How much do you know about TCVM, Traditional Chinese Veterinary Medicine? Do you know how to apply aspects of TCVM in your dog massage?

Acupressure points and meridians are not all there is to know in the complex practice of TCVM. Two of the Four Pillars of TCVM Diagnosis are Tongue Assessment and Pulse Palpation.

Would you like to look at your dog’s tongue and use what you see in your assessment and application of massage?. You can when you know what to look for!

Would you like to be able to get a real time validation of how the dog is processing your massage? You can get the feedback you need by reading the textures of pulses!

Chinese medicine uses the tongue to interpret health

The tongue is one of the most important diagnostic areas in ancient medical traditions. What makes the tongue such a great diagnostic tool? Your tongue, containing water, electrolytes, mucus, and enzymes, is a very sensitive organ and its appearance changes with many physical changes in the body. In Chinese medicine, the tongue is a “map” of the internal body. Like the face, the tongue is divided into five-element zones that correspond to your internal organ networks.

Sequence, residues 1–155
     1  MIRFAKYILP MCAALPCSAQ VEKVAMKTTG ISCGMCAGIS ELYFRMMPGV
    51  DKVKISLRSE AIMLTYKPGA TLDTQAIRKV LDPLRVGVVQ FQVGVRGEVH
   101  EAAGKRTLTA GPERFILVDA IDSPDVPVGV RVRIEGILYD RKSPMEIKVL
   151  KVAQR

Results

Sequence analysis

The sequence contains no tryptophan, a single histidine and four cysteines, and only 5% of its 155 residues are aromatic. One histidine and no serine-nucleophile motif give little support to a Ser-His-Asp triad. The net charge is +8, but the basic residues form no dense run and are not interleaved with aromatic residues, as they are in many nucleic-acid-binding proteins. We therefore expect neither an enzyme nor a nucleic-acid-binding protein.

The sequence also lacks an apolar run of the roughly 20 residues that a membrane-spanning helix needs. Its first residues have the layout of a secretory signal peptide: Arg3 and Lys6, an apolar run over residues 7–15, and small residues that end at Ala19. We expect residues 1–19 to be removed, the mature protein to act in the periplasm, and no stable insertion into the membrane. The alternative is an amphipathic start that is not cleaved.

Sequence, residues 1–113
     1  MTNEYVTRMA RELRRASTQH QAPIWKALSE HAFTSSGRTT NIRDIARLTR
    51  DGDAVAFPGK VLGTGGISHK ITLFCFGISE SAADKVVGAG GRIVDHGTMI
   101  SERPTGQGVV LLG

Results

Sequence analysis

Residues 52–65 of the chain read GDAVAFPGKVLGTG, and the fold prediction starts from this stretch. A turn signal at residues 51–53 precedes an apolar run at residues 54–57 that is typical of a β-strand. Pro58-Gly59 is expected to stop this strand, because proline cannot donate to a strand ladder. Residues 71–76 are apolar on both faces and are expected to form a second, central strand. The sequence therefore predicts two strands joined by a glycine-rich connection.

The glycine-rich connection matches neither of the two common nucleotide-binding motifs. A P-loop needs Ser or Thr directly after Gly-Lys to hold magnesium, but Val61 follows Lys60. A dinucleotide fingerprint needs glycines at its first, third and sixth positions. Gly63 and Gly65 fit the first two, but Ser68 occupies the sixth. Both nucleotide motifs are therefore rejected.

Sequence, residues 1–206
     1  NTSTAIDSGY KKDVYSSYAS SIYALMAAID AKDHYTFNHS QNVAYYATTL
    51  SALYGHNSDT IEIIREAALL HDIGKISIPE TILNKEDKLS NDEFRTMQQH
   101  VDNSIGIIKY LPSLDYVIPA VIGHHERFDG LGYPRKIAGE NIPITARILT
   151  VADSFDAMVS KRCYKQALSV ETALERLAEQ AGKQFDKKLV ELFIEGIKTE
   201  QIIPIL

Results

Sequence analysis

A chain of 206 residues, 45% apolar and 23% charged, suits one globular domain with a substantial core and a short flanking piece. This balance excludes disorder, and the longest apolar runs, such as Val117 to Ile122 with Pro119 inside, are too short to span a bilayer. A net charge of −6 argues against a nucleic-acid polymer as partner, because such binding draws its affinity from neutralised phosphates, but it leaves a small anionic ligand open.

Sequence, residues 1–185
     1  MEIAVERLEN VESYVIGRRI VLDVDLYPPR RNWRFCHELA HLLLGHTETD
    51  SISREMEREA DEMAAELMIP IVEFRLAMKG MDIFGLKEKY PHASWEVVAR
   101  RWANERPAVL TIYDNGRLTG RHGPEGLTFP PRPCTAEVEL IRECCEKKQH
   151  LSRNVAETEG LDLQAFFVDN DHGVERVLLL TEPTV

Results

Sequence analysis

Workshop instructor: Eva Groesbeck, DVM

I recently attended one of her lectures and I am very impressed with her knowledge and skills in TCM. Eva has taken one PetMassage  Canine Aquatic Massage workshop. Her approach and our philosophy are highly simpatico. The skills Eva will teach will perfectly complement the PetMassage Advanced Level curriculum and enhance your palpation skills whatever your level of expertise. You’ll apply them in every canine massage!

We are thrilled to offer this one-day class held Sunday, on the first day of the PetMassage Advanced Level workshop from 9 am to 4 pm focusing on these two techniques.

This workshop is open to DVMs, RVTs, and graduates of all schools’ canine massage programs.

The fee for this class is just $200 (10% less with IAAMB/ACWT membership).

 Register Now:

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